Understanding responses to political conflict: interactive effects of the need for closure and salient conflict schemas.
Golec de Zavala, Agnieszka and Federico, Christopher (2004) Understanding responses to political conflict: interactive effects of the need for closure and salient conflict schemas. Journal of Personality and Social Psychology, 87 (6). pp. 750-762. ISSN 0022-3514
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Two studies examined the relationship between the need for cognitive closure and preferences for conflict-resolution strategies in two different samples of elite political actors. While research suggests that the high need for closure should be associated with competitiveness, we argue that this relationship should be strongest among political actors with a hostile “conflict schema,” or representation of what a conflict is and how it should be dealt with. We provide evidence for this hypothesis using archival survey data on American foreign policy officials’ attitudes toward international conflict at the height of the Cold War (Study 1) and our own data on the relationship between the need for closure and conflict-strategy preferences among samples of activists from two political parties in Poland – a centrist party with a reputation for cooperativeness and an extremist party with a reputation for confrontation (Study 2). The broader implications of these findings are discussed.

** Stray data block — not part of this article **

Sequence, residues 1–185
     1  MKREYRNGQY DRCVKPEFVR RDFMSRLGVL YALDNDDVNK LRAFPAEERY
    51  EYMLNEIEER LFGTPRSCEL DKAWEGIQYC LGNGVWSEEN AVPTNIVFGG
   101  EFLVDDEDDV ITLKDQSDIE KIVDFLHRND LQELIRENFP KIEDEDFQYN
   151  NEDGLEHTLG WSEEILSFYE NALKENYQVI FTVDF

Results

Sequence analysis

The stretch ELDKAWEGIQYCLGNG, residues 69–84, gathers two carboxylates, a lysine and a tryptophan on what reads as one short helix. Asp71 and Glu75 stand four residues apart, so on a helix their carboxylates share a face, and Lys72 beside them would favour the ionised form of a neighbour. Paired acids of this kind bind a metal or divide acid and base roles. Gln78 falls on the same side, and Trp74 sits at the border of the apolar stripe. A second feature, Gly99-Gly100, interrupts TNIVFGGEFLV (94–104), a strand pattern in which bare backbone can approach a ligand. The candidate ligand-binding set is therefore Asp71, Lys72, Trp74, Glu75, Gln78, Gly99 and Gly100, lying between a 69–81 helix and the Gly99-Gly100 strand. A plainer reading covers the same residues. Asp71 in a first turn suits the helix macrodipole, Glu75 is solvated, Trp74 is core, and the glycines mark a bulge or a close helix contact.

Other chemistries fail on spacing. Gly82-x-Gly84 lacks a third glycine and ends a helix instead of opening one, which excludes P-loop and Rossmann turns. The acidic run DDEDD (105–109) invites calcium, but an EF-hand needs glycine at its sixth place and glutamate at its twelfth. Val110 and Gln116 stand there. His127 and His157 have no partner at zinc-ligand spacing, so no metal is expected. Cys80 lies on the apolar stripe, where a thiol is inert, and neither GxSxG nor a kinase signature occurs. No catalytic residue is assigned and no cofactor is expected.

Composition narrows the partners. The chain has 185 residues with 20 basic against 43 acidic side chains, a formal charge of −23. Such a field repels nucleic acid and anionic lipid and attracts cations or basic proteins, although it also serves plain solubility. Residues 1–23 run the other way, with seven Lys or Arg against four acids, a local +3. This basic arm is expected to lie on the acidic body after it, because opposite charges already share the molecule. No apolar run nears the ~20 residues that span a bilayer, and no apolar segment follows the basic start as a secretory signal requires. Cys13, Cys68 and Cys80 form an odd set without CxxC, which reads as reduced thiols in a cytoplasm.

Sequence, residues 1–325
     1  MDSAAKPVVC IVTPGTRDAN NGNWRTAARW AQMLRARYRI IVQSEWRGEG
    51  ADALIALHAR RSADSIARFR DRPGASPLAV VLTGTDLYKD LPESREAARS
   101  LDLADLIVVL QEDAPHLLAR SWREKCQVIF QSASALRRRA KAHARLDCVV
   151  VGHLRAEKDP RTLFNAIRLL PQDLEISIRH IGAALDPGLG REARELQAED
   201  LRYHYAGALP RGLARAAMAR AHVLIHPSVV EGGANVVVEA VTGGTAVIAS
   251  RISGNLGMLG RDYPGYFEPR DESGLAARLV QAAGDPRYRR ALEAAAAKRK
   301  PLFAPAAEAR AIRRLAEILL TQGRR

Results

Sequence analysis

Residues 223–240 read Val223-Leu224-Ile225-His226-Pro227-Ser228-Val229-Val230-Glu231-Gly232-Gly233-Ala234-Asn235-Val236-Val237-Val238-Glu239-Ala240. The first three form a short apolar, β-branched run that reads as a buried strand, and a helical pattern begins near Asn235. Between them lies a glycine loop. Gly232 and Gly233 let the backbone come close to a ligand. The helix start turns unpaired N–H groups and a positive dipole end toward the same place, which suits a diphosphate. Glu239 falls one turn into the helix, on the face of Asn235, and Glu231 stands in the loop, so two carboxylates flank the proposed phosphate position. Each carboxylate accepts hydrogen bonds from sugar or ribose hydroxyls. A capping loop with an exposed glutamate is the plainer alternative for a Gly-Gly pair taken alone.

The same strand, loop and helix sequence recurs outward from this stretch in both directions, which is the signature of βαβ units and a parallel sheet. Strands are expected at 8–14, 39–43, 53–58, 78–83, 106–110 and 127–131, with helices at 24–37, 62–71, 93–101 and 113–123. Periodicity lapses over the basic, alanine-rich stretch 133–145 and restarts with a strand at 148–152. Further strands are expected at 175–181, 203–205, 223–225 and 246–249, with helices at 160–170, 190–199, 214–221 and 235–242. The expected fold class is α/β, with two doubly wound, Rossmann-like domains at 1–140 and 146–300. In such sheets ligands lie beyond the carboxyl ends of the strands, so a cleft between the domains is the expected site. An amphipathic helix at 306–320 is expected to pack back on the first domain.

|Research Areas:||Middlesex University Schools and Centres > School of Health and Education|
|Deposited On:||02 Mar 2010 09:15|
|Last Modified:||24 Oct 2014 15:47|
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